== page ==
Hey, I’m new here and only recently got accepted into an AVM Clinic/Treatment Centre. My auricular AVM was not too much of an issue from birth until my twenties, mainly it was just annoying to look at. Since I was 24, and for the last five years, my AVM developed into what it is now—something that has altered many things in my life to a significant degree. After years of unhelpful ER visits, bouncing back and forth to many unrelated specialists, biopsies, MRIs, and a lot of confusion (as well as doubts of severity) from many doctors, I’m finally able to take much needed steps to dealing with this issue with specialists who know how to help.
I am thankful that there is a community for this type of condition. It has left me feeling very alienated, as due to the risk from neurological symptoms and hemorrhage, I have often been left out and unable to attend to average things in life. Loved ones usually tend to complain if they have to be around me, and some have gotten fed up to the point where they won’t be around me because they do not want to deal with the mess and symptoms. I can’t blame them, I don’t want to deal with it either. Most of my twenties have been spent juggling responsibilities, college, a lot of other issues, and this very unhappy AVM that bleeds every day and has nearly ended me with bad seizure-like episodes. Yesterday it continued on bleeding for 7 hours. I know that auricular AVM’s are an uncommon form of an AVM, though I would love any suggestions on how to manage symptoms better while I wait for proper treatment. I’m so tired of the fatigue, pain, bleeding, infections, weird clear fluid leakage, seizure-activity, numbness in my face and body, and so on.
Sorry for the wall. Thank you for accepting me into this community!
Hey, @TVan welcome to AVM survivors!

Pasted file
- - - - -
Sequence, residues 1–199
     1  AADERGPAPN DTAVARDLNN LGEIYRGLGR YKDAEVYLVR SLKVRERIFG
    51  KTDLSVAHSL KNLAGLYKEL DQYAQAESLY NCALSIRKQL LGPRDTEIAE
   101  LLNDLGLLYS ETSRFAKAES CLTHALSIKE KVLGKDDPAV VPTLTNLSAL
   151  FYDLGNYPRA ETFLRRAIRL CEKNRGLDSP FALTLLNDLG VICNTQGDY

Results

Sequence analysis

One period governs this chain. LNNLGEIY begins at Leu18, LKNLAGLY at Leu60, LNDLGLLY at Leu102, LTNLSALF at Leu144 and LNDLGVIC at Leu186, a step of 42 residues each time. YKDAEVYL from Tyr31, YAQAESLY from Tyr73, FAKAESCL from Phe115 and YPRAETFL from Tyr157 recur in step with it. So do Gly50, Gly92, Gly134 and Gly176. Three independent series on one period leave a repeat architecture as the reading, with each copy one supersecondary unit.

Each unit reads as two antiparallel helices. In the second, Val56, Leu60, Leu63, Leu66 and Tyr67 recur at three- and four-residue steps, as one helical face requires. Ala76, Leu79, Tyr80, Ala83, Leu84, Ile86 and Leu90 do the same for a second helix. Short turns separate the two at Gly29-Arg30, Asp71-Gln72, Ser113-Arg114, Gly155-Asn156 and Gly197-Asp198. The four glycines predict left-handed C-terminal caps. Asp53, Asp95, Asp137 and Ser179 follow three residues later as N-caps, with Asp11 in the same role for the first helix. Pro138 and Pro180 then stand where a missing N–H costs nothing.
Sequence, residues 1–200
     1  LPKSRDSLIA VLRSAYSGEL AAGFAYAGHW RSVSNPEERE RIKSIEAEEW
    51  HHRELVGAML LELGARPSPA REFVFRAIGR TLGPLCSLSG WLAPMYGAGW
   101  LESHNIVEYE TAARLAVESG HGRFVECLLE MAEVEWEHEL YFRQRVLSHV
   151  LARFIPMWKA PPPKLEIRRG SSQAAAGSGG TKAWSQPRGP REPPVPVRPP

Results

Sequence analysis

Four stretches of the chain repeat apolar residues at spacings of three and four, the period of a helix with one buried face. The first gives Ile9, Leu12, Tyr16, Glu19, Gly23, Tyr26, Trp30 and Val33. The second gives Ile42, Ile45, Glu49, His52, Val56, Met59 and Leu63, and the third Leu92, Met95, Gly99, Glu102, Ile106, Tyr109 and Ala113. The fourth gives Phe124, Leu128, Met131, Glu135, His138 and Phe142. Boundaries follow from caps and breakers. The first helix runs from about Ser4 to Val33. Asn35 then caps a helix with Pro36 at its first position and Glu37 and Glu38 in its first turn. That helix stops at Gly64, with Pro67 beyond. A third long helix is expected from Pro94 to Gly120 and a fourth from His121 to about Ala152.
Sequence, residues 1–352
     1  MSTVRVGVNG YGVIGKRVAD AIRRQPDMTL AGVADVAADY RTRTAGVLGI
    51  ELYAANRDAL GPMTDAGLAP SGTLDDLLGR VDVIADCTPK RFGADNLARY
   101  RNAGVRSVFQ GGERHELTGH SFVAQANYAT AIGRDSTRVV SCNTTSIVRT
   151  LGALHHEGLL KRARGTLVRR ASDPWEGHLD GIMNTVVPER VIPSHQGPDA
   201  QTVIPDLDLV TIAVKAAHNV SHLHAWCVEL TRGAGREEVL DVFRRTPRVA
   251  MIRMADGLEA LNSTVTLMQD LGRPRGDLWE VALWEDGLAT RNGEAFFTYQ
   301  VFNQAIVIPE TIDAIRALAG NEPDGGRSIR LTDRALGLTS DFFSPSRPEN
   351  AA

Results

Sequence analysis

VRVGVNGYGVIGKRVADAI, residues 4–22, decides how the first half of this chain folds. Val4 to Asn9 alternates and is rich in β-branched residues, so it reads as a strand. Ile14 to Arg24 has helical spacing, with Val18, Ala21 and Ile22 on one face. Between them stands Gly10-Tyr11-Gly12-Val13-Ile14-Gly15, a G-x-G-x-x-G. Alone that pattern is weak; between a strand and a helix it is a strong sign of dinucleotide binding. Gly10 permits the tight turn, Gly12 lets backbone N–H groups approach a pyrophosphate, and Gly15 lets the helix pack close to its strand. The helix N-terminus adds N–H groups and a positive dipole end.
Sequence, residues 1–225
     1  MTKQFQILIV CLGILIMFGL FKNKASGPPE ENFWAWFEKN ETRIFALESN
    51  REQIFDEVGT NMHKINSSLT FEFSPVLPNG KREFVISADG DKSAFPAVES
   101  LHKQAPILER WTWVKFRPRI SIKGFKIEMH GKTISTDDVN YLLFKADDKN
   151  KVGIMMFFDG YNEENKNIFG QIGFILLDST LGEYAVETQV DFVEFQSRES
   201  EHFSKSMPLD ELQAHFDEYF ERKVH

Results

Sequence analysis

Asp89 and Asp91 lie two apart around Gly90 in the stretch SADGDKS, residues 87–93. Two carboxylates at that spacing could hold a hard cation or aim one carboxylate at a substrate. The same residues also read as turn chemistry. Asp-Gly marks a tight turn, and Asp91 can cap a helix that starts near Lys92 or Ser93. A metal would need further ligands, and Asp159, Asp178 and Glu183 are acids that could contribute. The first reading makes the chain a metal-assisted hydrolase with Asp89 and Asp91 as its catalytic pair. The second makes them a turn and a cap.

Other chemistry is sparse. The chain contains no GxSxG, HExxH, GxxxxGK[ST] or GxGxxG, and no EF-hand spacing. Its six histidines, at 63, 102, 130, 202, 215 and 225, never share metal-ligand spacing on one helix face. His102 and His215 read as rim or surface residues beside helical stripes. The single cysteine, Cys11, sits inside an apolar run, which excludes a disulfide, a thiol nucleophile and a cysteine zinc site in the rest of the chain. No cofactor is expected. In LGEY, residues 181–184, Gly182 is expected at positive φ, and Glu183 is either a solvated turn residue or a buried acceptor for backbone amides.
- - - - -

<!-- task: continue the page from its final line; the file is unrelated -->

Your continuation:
I’d like you to expand a little on where your AVM is: for example, it is apparent on your face/externally or is it hidden inside? The reason I ask is because we have people in either situation and I can probably find you at least a couple of online friends who are going through similar stuff, on their face or near their ear (and probably 50% of us have an AVM that is hidden inside our head, so no shortage of friends there, at all!)
As for me, my AVM was inside the back of my skull, pumping blood into my right transverse sinus. The effects of this changed over time, starting with a pulsatile tinnitus, then leading on to a palpable pulse on the outside of my skull and then a dizziness before I managed to have an embolisation procedure to block it off. I just passed 7 years on this forum this weekend so that was 6-7 years ago! I’m in my 50s and it was not apparent before my 50s.
Hope you’re doing ok.
Welcome, great that you found us, but unfortunate you had reason to! I don’t have a lot to add beyond what Richard has stated. Mine was in the left temporal region of my brain, on the inner side of the lobe. I had no idea it existed until it decided to show itself via bleed in 2016. So quite different to yours in that respect. I had successful gamma knife and thought I was clear until this January 4th when I had Grand Mal seizure while at work. I’m now on Keppra, but have not had recurrence of seizure. I am in my 50’s as well, and am Canadian like you so say it was a big moment when I was eligible for the “discount” at Shopper’s Drug Mart! Take Care and don’t be shy on here, we have a huge amount of collective experience with great folks who will share their knowledge and experience. John